International Society of Political Psychology

Conference Abstracts

9C Globalization and Its Discontents: Explorations in Appadurai’s “Fear of Small Numbers”

(Session Organizer) Amy Ansell, Emerson College

Conference: ISPP 2011
Affiliation: Emerson College
Research Area: International relations, globalization, macropolitical issues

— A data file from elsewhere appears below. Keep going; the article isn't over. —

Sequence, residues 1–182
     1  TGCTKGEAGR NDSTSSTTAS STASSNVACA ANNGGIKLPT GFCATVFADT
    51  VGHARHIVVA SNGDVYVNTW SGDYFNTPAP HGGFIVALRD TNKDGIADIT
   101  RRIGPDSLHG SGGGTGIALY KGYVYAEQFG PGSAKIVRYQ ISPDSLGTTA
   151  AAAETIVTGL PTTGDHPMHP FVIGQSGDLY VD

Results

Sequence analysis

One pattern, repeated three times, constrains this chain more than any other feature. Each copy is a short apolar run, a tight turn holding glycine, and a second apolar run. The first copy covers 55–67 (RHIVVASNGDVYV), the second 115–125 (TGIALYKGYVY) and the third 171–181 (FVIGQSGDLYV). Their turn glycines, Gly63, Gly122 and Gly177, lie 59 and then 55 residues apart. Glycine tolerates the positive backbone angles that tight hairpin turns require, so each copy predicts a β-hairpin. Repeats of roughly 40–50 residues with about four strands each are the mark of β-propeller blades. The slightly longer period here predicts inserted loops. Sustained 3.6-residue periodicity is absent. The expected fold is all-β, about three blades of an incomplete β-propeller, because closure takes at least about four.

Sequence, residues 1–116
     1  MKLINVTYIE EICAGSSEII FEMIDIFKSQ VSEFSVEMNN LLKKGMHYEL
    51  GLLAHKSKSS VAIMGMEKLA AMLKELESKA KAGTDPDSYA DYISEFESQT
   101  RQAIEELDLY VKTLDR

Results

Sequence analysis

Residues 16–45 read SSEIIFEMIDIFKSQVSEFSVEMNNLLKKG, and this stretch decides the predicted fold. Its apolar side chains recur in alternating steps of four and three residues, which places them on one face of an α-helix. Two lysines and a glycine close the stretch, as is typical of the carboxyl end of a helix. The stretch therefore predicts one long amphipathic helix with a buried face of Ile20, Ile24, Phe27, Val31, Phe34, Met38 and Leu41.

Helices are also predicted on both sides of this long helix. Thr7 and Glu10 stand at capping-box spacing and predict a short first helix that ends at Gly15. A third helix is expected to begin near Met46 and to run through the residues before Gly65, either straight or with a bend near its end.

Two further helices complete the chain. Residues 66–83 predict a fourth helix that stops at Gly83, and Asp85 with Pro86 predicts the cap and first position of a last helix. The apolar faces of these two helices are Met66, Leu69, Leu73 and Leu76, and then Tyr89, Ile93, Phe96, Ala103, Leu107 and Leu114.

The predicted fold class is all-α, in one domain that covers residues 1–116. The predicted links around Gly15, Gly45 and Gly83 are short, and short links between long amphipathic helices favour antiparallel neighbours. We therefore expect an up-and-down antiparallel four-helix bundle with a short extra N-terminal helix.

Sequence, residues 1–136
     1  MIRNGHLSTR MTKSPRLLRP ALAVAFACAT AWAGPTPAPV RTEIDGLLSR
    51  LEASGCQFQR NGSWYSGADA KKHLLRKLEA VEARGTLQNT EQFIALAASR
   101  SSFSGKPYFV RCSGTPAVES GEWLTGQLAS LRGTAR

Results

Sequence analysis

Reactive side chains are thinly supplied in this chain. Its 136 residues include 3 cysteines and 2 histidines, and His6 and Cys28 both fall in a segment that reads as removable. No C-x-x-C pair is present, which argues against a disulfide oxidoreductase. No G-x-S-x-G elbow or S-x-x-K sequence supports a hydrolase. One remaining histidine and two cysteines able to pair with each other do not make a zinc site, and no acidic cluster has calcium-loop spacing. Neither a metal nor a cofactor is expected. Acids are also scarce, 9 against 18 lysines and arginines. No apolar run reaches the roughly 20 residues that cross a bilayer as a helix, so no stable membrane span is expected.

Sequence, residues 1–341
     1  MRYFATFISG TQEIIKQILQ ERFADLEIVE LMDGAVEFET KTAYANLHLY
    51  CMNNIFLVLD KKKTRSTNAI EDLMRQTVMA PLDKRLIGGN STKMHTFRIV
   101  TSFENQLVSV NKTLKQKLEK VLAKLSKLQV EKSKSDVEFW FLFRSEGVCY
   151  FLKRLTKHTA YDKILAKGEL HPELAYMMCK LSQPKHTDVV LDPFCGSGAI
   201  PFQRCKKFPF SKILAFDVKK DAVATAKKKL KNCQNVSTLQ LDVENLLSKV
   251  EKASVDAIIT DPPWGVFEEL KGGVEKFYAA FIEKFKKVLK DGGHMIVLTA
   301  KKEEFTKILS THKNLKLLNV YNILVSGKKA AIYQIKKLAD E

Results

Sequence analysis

Arjun Appadurai's (2006) provocative monograph, Fear of Small Numbers: An Essay on the geography of Anger, is a meditation on the organic linkages between the triumph of open-market global capitalism, democratic political practice and human rights ideology, and the proliferation of ethno-political violence, ethnic cleansings, and terrorism. It is a brilliant, unruly tour-de-force, a product of fierce intelligence and originality, holding promise of significant consequence for political psychology and related fields. Appadurai's argument links the erosion of state sovereignty produced by the controlling reach of global finance, and by mass migration, communications technology and popular culture to a fundamental, jarring uncertainty around national and communal social identity, significance and power. This ubiquitous anxiety Appadurai's asserts creates "surplus rage" embodied through a communal urge towards purification, a cleansing, violent "predatory narcissism" particularly attuned to and intolerant of small numbers, minorities, the "other" - an extraordinary appropriation of Freud's "narcissism of small difference." The papers comprising this panel apply Appadurai's conceptual insights and terminology to the terrain of four quite diverse cultural/political settings: the politics of race and land in Zimbabwe, emergent rituals in Hindu Temples in India; asylum-seekers as object of compassion and fear in the United States; and the political psychology of HIV in South Africa.